Before Frank Underwood in House of Cards, there was President Richard Nixon.
(Oh, come on. Let us have some fun exaggerating.)
The events that led to U.S. v. Nixon began with the publication of the Pentagon Papers, which were secret Department of Defense papers about the U.S. involvement in Vietnam. Richard Nixon was elected in 1968, during the Vietnam War, and the war was going worse than a game of Starcraft when you're a terran stuck in the middle of a zerg rush.
Translation: pretty bad.
In 1971, The New York Times published the Pentagon Papers, which wasn't only a history of the United States' military involvement in Vietnam, but also contained information about the United States' illegal bombing of Cambodia and Laos…which hadn't been formally disclosed to the public. Leaked by Daniel Ellsberg (the original Edward Snowden) the publication of the Pentagon Papers fueled President Nixon's already famous paranoia.
Nixon was so fearful of more leaks that he formed a covert investigation unit, nicknamed "the plumbers." (Because they would plug leaks…get it?) Former CIA agent E. Howard Hunt and former FBI agent G. Gordon Liddy led the plumbing operation, which would not only stop leaks from the press, but would also gather information for the Nixon White House.
Their first mission was breaking into Ellsberg's psychiatrist's office to dig up dirt to blackmail him. As shocking as this sounds, it wasn't anything new for the Nixon White House, which was in the habit of using the FBI and other government agencies to spy on and discredit Nixon's political opponents. Wiretaps were just business as usual.
There seemed to be a general attitude that anything was okay if it helped the president.
In May of 1972, the plumbers directed an operation to break into the Watergate Hotel in D.C., home of the Democratic National Committee headquarters. They bugged the phones and stole whatever documents they could get their hands on. On June 17th, going back in to repair some of their listening devices, five men wearing blue surgical gloves were caught trying to break in. One of the burglars was carrying the phone number of E. Howard Hunt, an ex-CIA agent now doing undercover work for Nixon's Committee to Re-Elect the President (nicknamed CREEP by the press).
While Nixon denied involvement in the break-in, it became clear that this was an extensive operation, with hush money paid to the Watergate burglars, and all kinds of intrigue. A Senate committee appointed to investigate the incident gathered info that eventually led to the indictment of seven conspirators, most of them White House staff and other associates of the president. The hearings were televised, and Americans were glued to the TVs—85% of households tuned in (source).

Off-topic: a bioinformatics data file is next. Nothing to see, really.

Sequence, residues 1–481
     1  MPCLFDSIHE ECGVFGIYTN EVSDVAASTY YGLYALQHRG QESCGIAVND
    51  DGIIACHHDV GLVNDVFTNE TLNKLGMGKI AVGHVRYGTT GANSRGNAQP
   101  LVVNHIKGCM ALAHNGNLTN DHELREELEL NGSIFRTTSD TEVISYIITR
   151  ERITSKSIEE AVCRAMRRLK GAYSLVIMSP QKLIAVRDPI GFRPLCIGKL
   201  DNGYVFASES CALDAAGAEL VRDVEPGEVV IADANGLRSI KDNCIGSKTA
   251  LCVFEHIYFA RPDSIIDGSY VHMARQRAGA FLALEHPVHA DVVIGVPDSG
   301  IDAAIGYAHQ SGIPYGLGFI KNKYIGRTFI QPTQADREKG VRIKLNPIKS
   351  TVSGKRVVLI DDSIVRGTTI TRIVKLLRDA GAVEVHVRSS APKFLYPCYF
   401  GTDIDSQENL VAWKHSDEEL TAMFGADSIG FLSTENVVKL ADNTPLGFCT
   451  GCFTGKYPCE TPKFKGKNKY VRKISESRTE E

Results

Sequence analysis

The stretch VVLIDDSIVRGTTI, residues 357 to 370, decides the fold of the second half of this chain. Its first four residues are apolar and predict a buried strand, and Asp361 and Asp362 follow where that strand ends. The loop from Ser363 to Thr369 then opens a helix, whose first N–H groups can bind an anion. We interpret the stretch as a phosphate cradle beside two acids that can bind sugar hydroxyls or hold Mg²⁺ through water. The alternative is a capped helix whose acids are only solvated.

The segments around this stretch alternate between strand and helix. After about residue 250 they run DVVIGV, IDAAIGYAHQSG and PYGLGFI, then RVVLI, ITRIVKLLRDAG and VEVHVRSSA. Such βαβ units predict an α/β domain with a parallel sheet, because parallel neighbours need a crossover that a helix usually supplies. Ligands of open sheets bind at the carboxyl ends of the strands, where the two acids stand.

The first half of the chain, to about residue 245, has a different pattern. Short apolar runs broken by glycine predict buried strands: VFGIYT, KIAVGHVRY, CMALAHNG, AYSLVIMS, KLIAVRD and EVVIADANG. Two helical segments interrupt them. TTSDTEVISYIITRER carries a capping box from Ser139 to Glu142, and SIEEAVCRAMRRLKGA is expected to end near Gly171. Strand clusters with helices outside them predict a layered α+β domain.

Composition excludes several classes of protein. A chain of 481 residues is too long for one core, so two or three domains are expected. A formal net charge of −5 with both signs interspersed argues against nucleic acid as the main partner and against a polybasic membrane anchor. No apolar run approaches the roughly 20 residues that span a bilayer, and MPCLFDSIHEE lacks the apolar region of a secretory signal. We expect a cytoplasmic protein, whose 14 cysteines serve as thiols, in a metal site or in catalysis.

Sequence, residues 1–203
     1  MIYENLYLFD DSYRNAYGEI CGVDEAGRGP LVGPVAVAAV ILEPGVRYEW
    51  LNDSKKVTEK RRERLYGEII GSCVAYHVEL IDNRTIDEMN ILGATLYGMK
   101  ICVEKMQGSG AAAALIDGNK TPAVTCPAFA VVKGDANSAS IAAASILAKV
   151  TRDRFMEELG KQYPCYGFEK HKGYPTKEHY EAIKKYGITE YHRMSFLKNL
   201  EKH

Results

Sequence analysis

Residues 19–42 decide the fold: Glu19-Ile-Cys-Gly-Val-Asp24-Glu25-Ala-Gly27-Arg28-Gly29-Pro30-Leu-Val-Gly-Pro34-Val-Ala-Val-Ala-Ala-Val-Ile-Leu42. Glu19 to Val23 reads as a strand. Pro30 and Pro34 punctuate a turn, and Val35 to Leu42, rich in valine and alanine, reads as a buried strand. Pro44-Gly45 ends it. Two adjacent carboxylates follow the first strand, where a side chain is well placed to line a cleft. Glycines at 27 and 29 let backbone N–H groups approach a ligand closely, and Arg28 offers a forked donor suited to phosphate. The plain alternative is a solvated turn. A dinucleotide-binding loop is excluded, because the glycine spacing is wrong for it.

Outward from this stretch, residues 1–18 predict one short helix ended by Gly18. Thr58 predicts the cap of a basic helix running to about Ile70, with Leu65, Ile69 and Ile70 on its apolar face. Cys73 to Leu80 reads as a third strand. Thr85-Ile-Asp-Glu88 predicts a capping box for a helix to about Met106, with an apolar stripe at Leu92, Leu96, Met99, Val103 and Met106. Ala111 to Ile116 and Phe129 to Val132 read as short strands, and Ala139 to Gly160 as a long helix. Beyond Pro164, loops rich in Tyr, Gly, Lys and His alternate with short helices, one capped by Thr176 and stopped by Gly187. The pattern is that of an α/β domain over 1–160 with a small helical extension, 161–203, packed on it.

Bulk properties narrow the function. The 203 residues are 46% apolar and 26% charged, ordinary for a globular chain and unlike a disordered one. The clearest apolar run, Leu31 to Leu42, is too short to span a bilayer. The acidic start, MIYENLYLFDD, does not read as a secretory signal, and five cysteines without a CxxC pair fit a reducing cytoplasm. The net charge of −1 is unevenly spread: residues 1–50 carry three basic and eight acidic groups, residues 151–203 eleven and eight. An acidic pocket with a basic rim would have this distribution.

During the investigation, some of the conspirators began to spill the beans about the operation. One of the most important beans was the revelation that President Nixon had a taping system inside the Oval Office, supposedly so all the important conversations there could eventually be used for his memoirs. The Watergate Committee wanted those tapes for what they might find out about Hunt, Liddy, and the rest of the guys indicted in the Watergate scandal. Also, they might reveal how much the president knew about the break in and when he knew it.
They subpoenaed the tapes.
Nixon claimed that executive privilege protected the privacy of his tapes, and the case went to the U.S. District Court for the District of Columbia, which dismissed it because of lack of jurisdiction. It was left to the special prosecutor to go before John Sirica, Chief Judge for the D.C. District Court, and request a subpoena as part of the criminal case he was pursuing against Nixon's former staff members.
Nixon attempted to quash the subpoena. When Sirica ordered Nixon to release the tapes, Nixon appealed, and the case went to the Supreme Court. In the decision of U.S. v. Nixon, they affirmed the lower court's ruling rejecting Nixon's claim of executive privilege, forcing him to release his tapes to the special prosecutor. Nixon knew what those tapes would reveal—not only that he participated in the burglary and cover-up from the start, but that he'd formed a private police unit that operated outside the laws and the constitution. Facing certain impeachment, Nixon announced his resignation on August 8th, 1974, just sixteen days after the Supreme Court ruling.
Nixon's resignation ended a national nightmare, but the scandal continued to reverberate, marking a low point in the nation's trust in the integrity of its government. Three thousand plus hours of tapes were released over the years, each bunch bringing new and shocking revelations. In 2010, the nation heard chats from early 1973 where Nixon talked smack about Jews (insecure, aggressive, obnoxious), Blacks (they need to inbreed with whites), Irish (mean drunks), and Italians (don't have their heads screwed on tight). (Source)
The upside of Watergate is that government is now totally transparent and trustworthy.
But at least we now know what to call a scandal : We've got Spy-gate, Gamer-gate, Monica-gate, Deflate-gate, Nanny-gate (Bill Clinton and Ben Affleck versions), Donut-gate, Trooper-gate (Clinton and Palin versions), and Travel-gate.
And that's just a partial list.